I thought I would add to our previous post on Powershell. Powershell can make SCCM admin far easier for repetitive tasks. To make life really easy we can start creating our own “cmdlets”. Anyone can write their own cmdlets for Powershell but it’s heavy duty coding so we’re going to fake it by adding functions into a profile. Profiles are loaded when powershell starts so the functions created are available at the powershell console. By giving the functions sensible names then using them with powershell makes it seem as if we’ve created our own cmdlets.
You can get lots of information on profiles by typing
and there’s also this MSDN article.
Whilst there isn’t a great deal of information out there in terms of powershell scripts for SCCM we’re standing on the shoulders of Giants because Michael Niehaus has already done a lot of the hard work for us and published a set of functions here, here and here. I thoroughly recommend putting the three bits of code together in a single profile and experimenting with the resulting “cmdlets”.
Once the scripts that Michael gives in his posts have been appended to each other and put into a relevant profile then to connect to a local site (i.e. we’re running up powershell on a site server) all we have to do is type:
and we’re connected into the SMS provider. This means that we now have all the access to create and delete objects as we have through the MMC. Of course you could be really clever and include this command in the profile so that you automatically connect to the site when you run up Powershell. Now as Michael points out in the third of the links above all an admin has to do to an add a list of computers to an existing collection is to have that list in the form of a txt file and it becomes the simple matter of reading the list of machines out of the file (using the Get-Content cmdlet) and porting them to the add-collectionmember “cmdlet”:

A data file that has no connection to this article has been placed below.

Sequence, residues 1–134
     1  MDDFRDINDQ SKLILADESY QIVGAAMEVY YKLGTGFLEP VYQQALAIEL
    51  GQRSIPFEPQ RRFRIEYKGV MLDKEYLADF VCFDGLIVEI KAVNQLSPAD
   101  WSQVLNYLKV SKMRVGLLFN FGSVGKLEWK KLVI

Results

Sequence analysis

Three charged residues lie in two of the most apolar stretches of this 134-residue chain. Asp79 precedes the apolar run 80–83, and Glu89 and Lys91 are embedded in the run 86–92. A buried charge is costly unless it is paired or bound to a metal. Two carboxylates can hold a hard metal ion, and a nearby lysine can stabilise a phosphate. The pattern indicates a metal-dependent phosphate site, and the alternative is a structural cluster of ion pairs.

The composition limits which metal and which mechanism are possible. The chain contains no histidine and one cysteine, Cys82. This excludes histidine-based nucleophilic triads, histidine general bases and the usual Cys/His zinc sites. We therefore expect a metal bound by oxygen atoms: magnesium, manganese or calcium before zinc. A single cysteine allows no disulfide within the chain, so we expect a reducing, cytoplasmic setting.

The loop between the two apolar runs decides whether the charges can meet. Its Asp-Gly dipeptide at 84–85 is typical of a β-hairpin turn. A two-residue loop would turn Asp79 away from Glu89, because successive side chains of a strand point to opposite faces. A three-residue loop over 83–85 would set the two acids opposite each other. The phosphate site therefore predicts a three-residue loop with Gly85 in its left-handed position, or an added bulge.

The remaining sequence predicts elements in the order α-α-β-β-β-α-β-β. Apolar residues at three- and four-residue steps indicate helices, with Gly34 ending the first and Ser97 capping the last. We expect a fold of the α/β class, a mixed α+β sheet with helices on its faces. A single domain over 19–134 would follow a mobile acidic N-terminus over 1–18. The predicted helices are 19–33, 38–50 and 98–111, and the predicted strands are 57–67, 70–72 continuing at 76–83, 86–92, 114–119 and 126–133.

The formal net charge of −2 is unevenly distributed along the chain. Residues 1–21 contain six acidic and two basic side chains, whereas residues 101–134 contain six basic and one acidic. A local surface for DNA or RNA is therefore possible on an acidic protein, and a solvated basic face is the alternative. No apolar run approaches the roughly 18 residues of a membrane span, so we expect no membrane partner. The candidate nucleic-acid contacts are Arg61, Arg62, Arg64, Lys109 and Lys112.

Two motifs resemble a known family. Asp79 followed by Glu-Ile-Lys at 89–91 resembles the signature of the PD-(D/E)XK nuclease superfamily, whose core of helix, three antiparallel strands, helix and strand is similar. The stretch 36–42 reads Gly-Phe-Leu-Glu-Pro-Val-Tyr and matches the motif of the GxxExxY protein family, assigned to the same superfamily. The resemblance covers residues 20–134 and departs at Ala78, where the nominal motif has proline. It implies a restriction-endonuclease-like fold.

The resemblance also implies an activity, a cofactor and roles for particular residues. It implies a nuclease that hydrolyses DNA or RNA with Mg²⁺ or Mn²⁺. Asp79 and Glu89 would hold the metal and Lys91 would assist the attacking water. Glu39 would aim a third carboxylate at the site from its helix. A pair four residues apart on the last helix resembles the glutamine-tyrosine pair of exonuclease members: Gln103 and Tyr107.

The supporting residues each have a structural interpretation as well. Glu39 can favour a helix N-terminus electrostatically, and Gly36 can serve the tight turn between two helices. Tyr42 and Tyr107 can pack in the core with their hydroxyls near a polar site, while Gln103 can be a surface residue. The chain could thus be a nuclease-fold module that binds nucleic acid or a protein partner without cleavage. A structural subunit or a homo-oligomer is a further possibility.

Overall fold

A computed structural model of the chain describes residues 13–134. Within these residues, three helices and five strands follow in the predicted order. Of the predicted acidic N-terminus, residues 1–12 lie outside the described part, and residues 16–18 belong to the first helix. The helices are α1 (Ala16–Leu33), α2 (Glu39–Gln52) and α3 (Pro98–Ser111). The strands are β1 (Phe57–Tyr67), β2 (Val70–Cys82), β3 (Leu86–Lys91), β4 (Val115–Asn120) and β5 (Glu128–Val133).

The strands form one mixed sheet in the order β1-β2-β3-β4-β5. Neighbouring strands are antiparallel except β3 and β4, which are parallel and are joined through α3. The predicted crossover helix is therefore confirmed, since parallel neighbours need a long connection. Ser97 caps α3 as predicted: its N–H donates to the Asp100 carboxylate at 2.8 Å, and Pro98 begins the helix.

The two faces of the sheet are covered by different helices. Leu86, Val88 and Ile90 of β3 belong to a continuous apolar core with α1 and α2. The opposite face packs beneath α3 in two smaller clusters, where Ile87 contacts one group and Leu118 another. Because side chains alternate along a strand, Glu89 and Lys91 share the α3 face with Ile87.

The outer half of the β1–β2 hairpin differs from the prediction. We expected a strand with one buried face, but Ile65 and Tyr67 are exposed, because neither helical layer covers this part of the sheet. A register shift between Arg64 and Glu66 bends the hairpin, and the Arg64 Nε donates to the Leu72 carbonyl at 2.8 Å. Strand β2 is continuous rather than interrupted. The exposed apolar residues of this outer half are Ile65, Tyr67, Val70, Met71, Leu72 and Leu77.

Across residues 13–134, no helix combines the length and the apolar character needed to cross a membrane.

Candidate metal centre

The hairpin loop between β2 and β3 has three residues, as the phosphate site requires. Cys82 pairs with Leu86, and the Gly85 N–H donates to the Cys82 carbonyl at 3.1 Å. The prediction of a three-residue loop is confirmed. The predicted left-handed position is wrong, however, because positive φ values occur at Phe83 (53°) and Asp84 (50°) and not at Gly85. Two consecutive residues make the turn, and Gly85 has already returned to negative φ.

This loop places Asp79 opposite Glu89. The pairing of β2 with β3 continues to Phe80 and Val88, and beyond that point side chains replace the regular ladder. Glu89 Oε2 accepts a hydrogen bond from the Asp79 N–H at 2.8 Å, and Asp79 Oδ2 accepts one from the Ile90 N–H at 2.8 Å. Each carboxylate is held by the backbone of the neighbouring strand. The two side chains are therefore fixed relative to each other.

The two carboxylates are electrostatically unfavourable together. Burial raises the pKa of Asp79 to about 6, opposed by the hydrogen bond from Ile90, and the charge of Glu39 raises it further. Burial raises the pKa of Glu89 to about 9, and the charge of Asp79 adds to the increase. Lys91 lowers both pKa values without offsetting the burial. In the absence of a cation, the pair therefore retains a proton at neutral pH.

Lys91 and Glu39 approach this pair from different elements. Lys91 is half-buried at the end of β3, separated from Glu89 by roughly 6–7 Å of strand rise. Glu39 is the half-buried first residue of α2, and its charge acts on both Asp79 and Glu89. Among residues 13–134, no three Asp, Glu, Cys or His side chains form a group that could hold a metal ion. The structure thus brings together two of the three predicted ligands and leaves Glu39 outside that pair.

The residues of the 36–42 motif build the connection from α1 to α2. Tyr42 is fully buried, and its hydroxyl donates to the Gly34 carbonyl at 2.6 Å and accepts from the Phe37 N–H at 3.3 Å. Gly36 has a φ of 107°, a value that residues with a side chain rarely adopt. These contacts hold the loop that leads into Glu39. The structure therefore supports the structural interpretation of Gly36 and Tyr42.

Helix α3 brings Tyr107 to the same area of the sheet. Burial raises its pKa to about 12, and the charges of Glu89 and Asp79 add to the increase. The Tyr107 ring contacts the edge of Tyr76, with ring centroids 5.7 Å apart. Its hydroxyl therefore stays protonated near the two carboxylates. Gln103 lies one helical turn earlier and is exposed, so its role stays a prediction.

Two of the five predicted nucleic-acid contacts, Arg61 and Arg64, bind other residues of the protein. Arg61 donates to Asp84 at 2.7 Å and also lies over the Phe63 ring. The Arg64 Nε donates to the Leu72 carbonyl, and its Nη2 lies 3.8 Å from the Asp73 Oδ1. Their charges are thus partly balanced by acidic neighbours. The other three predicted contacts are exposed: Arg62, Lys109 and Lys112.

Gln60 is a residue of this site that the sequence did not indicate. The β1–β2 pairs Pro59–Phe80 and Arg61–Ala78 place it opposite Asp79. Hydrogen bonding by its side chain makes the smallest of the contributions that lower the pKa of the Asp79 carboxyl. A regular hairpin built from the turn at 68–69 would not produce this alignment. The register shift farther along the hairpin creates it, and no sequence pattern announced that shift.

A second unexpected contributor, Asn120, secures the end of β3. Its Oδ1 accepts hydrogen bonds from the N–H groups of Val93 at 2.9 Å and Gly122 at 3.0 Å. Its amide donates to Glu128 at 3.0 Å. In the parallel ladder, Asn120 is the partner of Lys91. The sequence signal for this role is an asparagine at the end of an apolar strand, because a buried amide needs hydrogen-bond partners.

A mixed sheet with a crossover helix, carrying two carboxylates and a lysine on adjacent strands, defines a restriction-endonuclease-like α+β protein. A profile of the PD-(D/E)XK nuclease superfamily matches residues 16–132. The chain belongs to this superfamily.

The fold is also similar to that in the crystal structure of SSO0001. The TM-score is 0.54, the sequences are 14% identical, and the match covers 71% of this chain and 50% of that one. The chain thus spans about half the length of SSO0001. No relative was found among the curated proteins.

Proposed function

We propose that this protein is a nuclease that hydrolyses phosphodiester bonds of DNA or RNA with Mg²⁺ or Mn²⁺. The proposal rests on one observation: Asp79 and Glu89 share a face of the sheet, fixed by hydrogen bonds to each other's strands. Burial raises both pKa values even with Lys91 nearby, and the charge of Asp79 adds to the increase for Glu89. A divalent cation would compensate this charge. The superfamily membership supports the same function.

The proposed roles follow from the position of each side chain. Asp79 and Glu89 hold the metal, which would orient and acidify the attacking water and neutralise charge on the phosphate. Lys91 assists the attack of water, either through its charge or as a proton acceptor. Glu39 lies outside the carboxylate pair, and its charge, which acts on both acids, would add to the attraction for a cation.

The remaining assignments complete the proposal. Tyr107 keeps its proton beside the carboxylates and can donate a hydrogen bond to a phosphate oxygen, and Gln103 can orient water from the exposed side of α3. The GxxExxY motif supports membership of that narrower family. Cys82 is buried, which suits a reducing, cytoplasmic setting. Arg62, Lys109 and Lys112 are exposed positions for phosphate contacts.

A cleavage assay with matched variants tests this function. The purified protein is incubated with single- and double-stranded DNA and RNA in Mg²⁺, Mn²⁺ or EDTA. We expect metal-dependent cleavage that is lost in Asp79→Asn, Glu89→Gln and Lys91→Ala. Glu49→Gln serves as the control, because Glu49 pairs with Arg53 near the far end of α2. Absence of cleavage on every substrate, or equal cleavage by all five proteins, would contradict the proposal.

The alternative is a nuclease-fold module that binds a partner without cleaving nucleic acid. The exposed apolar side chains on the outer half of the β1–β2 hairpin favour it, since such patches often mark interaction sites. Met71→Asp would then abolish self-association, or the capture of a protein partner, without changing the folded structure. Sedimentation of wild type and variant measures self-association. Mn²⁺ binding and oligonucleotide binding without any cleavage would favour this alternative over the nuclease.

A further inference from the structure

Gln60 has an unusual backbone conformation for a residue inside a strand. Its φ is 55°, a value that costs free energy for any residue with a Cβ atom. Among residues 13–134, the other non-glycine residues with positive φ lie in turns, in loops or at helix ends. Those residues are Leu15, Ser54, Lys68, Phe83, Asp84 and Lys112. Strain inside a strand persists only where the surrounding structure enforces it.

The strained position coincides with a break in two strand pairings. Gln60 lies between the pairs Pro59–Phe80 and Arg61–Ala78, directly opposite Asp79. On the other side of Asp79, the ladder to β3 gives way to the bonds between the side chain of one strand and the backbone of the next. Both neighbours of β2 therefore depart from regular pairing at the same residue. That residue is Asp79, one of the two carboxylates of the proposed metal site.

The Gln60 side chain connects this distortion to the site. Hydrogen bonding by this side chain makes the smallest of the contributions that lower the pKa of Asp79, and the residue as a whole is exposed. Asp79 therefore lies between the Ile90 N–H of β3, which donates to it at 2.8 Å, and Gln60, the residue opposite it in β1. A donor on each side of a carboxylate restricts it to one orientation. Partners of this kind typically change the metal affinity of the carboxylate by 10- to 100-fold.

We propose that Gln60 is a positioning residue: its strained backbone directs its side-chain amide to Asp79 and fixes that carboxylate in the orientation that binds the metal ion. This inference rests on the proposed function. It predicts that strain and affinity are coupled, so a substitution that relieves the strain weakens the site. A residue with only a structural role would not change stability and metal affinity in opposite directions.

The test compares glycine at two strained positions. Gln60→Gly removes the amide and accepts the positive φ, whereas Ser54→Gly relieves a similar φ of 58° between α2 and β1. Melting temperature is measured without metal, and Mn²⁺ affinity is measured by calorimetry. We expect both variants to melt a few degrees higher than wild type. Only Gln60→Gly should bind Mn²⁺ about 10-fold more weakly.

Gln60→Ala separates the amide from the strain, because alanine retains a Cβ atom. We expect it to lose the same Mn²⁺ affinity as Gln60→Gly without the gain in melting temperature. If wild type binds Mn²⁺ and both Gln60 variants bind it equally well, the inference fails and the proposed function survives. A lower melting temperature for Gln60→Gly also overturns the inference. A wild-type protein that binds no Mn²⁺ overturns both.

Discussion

get-content c:\MyListOfMachines.txt | add-SCCMCollectionRule –collectionID CEN00001
I’d say that that is a pretty simple bit of coding and it’s a lot easier than the vbs script I had to achieve the same thing on good old SMS 2003.
The great thing about storing these functions in a profile.ps1 file is that as an admin writes more functions and adds them in then the scripts required to do stuff become simpler and simpler.
That’s all for now, hope you find this useful. Lots more functions to come.
This post was contributed by Tom Parker, a Dedicated Supportability Engineer with Microsoft Premier Field Engineering, UK.